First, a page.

What’s Blooming: Shell Ginger Varigated
First impression: Exotic, unique, orchid-like flowers of vibrant yellows, pinks, and magenta emerging from teardrop buds. These pendant-draped buds are soft white and resemble coiled seashells. The long striped yellow and green leaves remind me of banana stalks. These leaves are numerous and embrace a tall main stem. All new growth emerges from the base; and the flowers appear from the top of the stems. Yipes, stripes, any conchologist would take a second look! You can collect all many memories you desire of our seashells in bloom at the Botanical Gardens of the Sanibel Moorings.
Upon further investigation: Variegated Shell Ginger is an evergreen herb that hails from Southeast Asia and India. It is a garden favorite because of its striped leaves and iconic tropical flowers. Blooming or non-blooming, this beautiful plant is a must for cut gardens. All over the world, florist love to utilize our star in really exotic arrangements. In the garden our plant is a naturally shaped shrub with banana shaped leaves and lovely draping flowers peeking thru. Shell ginger can be non-variegated with dark green leaves or variegated with yellow and green striped leaves. The flowers are the same on both varieties. Draping, pendulous white creamy shells with pink colored edges are the flower buds. Oh my, when you see the flowers peeking thru these buds, take a deep breath. Their beauty is staggering with orchid like markings and ruffles in yellow, crimson, and magenta. The flowers appearing at the ends of the stems are a characteristic that identifies the Alpinia-genus from most other gingers. In our garden we have large clumps as wide as 12 feet and as tall as 10 feet. Maximum height for this fast grower is 6-12 feet tall, which makes it perfect for a screen or private area. You may plant in partial sun or full shade, and well-drained soil. It is a non-invasive exotic with little or no pests or diseases. New growth is underneath from rhizomes, so you can get large areas amassing. Easy to care for, everything connects at the base in a clumping manner, which can grow wider or be divided by a shovel and a little muscle. The most common question I receive about our star is why isn’t mine blooming? Here are some considerations: Should be planted in partial to shady areas. Loves mulch and leaves and is not cold tolerant. It takes the second year on each stalk to bloom. I remove the entire stalk (cut at the base) after blooming, to make way for newbie’s. We all know that many plants in the ginger family have culinary or medicinal uses. The ground leaves of shell ginger in other countries are sold as homeopathic remedies. Oodles of species are used in perfumery, oils, and aromatics. Interesting trivia: The fresh ginger roots that you and my husband uses for cooking, is from Chinese Ginger or Zingiber officinale.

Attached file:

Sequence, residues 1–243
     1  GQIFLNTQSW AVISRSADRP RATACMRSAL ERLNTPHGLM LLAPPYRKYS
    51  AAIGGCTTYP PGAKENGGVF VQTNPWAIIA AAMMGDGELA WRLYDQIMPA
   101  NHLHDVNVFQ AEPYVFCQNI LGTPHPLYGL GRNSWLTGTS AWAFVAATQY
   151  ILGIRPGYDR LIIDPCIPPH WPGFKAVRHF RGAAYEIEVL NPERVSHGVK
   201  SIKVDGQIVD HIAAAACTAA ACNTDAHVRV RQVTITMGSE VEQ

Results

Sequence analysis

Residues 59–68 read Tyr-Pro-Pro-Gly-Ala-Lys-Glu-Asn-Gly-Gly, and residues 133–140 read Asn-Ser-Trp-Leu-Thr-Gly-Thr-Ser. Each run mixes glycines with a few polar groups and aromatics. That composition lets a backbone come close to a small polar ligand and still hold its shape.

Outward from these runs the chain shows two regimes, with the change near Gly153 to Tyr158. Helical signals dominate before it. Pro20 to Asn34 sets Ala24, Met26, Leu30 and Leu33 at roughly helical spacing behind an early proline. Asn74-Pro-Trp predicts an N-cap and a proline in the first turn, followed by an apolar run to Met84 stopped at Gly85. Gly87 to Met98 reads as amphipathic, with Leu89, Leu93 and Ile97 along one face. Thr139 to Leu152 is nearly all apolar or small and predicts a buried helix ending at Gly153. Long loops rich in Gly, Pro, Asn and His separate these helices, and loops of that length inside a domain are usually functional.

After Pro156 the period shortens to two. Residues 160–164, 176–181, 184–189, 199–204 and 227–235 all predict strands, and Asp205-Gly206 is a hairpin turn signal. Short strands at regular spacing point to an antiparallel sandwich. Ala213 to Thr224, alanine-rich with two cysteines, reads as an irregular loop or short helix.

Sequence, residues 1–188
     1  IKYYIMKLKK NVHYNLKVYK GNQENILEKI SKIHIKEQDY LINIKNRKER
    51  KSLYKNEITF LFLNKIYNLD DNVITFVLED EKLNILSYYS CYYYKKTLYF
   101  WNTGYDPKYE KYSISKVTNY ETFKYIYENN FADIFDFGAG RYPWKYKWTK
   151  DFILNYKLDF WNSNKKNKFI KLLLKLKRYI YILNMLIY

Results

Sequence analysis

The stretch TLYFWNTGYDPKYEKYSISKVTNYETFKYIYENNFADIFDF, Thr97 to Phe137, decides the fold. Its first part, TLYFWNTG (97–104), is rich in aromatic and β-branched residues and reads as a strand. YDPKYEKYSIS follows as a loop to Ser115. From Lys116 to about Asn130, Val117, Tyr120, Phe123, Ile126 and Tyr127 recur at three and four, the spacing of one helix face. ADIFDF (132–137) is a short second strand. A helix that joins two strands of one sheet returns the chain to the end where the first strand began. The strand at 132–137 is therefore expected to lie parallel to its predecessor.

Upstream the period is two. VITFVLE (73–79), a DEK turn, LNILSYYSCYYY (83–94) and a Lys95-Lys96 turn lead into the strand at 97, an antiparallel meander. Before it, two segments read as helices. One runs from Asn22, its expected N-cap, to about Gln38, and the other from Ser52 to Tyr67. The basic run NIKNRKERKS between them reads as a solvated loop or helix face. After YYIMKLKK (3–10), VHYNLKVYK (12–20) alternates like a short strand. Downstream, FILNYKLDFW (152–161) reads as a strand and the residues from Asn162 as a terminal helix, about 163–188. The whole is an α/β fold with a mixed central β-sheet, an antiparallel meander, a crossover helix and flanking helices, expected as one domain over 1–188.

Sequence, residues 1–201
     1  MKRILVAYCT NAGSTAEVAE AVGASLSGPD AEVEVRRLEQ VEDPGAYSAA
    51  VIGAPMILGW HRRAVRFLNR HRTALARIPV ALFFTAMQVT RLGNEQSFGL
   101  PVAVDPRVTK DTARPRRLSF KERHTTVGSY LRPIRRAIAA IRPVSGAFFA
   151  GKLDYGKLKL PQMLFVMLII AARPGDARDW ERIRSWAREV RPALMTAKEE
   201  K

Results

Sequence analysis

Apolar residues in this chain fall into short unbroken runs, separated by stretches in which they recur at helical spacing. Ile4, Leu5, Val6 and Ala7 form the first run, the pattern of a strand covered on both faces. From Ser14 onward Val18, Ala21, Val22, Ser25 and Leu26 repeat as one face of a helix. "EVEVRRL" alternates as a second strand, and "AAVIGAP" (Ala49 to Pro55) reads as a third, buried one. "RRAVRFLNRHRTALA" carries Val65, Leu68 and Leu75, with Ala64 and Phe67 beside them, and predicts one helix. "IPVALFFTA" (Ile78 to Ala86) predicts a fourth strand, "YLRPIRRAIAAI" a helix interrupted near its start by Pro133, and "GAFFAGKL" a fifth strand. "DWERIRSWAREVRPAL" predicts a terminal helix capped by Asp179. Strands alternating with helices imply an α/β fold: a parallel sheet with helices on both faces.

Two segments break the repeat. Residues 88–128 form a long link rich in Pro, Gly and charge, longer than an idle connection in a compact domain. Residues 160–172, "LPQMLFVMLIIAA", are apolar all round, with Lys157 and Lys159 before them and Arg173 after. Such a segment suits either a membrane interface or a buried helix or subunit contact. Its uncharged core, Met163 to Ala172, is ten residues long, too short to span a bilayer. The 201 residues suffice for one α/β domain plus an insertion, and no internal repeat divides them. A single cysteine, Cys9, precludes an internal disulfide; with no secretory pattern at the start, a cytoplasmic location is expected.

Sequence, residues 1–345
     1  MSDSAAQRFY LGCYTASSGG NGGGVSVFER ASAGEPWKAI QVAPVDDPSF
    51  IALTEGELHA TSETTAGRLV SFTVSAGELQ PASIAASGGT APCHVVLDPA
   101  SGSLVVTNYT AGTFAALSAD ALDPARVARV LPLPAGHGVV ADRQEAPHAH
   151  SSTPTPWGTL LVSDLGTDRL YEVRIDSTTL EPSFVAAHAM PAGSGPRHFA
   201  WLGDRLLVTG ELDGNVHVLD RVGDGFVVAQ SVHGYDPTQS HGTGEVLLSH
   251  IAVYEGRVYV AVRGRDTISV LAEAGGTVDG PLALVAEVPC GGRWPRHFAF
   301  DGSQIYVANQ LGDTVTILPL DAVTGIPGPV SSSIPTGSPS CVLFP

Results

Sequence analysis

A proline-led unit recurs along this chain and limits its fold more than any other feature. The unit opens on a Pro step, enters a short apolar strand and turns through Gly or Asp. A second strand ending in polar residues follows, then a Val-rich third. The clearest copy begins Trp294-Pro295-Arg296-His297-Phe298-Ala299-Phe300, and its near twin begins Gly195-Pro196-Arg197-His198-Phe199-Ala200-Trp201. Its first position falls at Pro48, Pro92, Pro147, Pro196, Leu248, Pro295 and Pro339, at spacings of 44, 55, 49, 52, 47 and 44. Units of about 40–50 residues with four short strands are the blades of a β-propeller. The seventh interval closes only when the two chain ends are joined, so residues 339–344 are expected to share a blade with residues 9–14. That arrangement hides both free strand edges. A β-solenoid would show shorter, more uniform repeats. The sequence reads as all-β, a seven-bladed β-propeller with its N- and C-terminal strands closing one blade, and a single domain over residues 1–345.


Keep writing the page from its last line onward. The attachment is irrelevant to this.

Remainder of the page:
Pros: Great dramatic shrub – Does well in wet areas – Likes shade – Can be divided and planted other places or share with neighbors – Non invasive – Little or no pests – May have shell collectors in your garden – Salt tolerance – Will fill in unsightly areas with little effort – Blooms or leaves great for vases!
Cons: Needs to be separated periodically – Can get dead foliage/ trim away – Need to trim away spent blooms stalks – Needs water regularly – May grow weary of explaining its not the ginger for cooking –
Not cold tolerant – Non-native.
Conclusion: We grow seashells all in a garden row. You can practice your Sanibel stoop, admiring our land loving shell wanna be’s. No need to worry, they won’t wash away in our tropical eye catching garden.
Don’t wanna miss this bloomer!